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REVIEW: Propaganda Prints

July 17, 2012

Propaganda Prints by Colin Moore
(London: AC Blackwell, 2010)
Propaganda Prints is an ambitious project, attempting to present the full scope of “art in the service of social and political change” (per the subtitle) within a 200 page coffee table book. Colin Moore has done a great job creating a broad and accessible volume, heavily illustrated and strung together by an easy to read narrative that carries us from the earliest human communication up through the present. The design is clean and inviting, and Moore has pulled together what functions as a greatest hits of Western political graphics.
At the same time his attempts at broad inclusion, while admirable, also work against the book. Both of the concepts in the title, Propaganda and Prints, are as broadly defined as possible, so propaganda includes everything from state-published exhortations to war to individual political self-expression, social movement media to commercial advertising. Within this diverse mix, it becomes difficult to get a clear vision of what isn’t propaganda. The same goes for printmaking, which here includes coins, mosaics, architecture, tapestry, and sculpture—in fact we’re almost a quarter of the way through the book before the printing press is invented. Moore has neither the space nor the breadth of actual information and analysis to be so ecumenical, which shows when it comes to geographic inclusion. The book features material from non-Western locales such as China, Cuba, and Mexico, but graphic work from Africa, the South Pacific, Eastern Europe (outside of the Soviet Union), and the Arab world is almost completely absent.
Propaganda Prints seems an attempt to update the canonical Political Graphics: Art as a Weapon by Robert Phillippe (London: Phaidon, 1982), but without the same level of research or attention to detail. This is too bad, because Moore’s writing is strongest when in hones in on specific examples and how they functioned in the world, such as an 11th Century Bayeux tapestry or some of the work of the U.S.’s Federal Arts Project in 1930s. At these points the text and images hum along as a cohesive and well-oiled machine. Where we don’t get Moore’s detailed insights into unique images or objects, the book falls into a very cursory overview of world history, where the posters and prints become mere illustrations to a text with limited information about their production or use.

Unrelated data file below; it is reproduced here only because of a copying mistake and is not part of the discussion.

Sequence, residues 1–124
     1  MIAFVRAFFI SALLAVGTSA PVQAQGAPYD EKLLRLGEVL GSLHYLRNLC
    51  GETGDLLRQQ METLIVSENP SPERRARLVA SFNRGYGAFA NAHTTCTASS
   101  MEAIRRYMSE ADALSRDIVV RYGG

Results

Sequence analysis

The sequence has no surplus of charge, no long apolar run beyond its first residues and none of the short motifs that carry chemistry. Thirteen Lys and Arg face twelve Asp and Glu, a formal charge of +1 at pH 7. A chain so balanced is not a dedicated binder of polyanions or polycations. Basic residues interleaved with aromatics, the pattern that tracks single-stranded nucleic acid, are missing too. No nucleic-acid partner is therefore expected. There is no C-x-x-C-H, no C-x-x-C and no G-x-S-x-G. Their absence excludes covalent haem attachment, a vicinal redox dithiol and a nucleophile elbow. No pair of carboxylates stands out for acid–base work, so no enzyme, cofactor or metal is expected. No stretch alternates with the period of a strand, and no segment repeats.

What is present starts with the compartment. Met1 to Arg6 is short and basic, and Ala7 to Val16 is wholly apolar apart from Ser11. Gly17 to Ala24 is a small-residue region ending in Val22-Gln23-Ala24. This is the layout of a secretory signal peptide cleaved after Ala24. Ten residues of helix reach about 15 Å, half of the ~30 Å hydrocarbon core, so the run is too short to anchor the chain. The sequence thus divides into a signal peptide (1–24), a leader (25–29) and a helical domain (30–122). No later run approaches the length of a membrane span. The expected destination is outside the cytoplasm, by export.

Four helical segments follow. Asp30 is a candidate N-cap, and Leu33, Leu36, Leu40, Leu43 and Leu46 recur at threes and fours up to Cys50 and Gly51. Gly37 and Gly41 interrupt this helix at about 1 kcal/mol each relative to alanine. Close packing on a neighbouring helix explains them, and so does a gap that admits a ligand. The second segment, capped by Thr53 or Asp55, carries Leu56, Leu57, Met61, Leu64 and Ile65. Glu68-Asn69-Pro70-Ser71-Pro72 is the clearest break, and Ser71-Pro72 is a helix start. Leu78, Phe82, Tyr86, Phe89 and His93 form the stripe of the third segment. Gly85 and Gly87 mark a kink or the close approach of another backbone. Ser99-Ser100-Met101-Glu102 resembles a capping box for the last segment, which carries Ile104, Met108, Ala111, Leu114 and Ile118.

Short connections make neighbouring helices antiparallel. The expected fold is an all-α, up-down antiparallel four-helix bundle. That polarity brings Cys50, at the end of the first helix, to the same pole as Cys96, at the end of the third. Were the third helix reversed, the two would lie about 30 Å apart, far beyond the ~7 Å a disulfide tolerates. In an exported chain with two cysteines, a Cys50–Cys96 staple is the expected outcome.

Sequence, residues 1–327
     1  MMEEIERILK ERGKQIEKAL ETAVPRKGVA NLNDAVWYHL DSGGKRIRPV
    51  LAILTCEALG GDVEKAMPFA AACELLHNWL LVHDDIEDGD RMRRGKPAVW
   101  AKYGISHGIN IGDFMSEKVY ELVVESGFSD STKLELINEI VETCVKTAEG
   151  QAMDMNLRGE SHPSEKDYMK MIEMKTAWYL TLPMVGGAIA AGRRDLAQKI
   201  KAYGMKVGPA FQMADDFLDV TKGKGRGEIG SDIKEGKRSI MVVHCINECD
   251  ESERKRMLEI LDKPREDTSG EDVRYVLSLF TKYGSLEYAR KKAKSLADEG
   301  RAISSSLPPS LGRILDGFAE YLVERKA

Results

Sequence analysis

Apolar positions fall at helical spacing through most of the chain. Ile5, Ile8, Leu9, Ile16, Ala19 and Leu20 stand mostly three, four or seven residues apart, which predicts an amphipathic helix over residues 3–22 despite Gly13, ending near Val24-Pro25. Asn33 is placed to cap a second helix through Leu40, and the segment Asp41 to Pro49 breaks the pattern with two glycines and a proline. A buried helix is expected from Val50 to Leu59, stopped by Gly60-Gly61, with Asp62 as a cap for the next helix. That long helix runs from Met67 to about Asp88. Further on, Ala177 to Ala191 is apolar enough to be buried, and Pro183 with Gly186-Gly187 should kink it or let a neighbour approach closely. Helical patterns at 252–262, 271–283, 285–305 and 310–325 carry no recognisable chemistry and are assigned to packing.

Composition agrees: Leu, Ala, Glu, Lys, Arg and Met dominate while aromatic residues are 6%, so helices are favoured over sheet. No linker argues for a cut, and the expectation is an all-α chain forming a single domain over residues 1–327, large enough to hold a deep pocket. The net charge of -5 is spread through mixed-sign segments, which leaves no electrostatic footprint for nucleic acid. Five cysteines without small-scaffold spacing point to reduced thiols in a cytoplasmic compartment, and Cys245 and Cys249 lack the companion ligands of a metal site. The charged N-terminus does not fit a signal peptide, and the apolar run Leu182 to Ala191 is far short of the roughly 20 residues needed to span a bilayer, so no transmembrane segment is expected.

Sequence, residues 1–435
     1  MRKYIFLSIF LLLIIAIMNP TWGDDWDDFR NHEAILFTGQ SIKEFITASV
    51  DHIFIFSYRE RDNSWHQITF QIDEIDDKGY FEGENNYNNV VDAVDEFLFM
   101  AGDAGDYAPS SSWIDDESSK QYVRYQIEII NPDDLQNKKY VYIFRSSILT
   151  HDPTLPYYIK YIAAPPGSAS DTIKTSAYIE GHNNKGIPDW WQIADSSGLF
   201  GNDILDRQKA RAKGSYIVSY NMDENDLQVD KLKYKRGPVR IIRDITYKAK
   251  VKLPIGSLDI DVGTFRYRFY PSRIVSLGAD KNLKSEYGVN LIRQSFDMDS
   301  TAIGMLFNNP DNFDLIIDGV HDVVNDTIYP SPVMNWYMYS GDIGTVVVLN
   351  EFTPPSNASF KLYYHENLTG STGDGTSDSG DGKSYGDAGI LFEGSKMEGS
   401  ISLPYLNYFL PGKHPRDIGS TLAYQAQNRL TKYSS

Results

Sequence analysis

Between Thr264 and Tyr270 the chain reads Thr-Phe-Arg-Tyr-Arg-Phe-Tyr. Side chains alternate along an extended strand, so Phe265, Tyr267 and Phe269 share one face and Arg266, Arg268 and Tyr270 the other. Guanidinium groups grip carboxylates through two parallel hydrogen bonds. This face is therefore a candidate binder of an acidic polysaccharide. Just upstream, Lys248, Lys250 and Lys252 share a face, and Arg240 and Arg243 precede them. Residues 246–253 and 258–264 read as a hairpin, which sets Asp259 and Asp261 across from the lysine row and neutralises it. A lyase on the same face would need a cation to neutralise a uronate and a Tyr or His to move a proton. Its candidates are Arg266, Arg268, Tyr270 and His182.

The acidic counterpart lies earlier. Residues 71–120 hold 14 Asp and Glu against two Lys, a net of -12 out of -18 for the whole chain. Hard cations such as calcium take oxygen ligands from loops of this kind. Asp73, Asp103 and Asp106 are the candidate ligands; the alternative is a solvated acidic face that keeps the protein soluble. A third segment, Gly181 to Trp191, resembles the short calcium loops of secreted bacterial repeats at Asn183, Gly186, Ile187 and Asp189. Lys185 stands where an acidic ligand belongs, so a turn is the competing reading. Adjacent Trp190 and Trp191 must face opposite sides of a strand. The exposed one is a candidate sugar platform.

Almost twenty pages are dedicated to mid 19th century and early 20th century advertising, and while the work of Chéret, Toulouse-Lautrec, Art Nouveau, and the Vienniesse Seccessionists are all deeply important to the history of design, it’s unclear why they demand so much real estate in a book on political propaganda. Although I’m sympathetic to including commercial advertising design under the rubric of propaganda, this book is not an effective introduction to either the history of advertising or Modernist design. Moore seems to be stretching here, and has taken on much more than can be effectively accomplished in 200 heavily illustrated pages. I like seeing Goya, Beardsley, Rodchenko, and the Taller de Grafica Popular all under one roof, but the connections between them are left threadbare, and there is not enough to tell us what brings these disparate things together, never mind what makes them unique expressions of their historical, social, and political moments. In the absence of these specifics, it would have been nice to read more original thought about the overarching concept of propaganda, and how all of this material affects us en masse.
Much of the graphic work included in Propaganda Prints is powerful—from World War I recruitment posters to Cuban public service announcements, anti-Vietnam War prints to Soviet film posters—and will be exciting to both novices and students of design. Very little of the content will be unfamiliar to those with a working knowledge in the history of posters and political graphics, and looking through the book is a bit like visiting old friends. Comfortable, enjoyable, but few surprises. Moore has attempted to create both a serious visual history of propaganda and an basic introduction to all things visual and political. He’s partially succeeded at both.
(This review was originally published in The Mid America Print Council Journal v19 n3+4, 2011)

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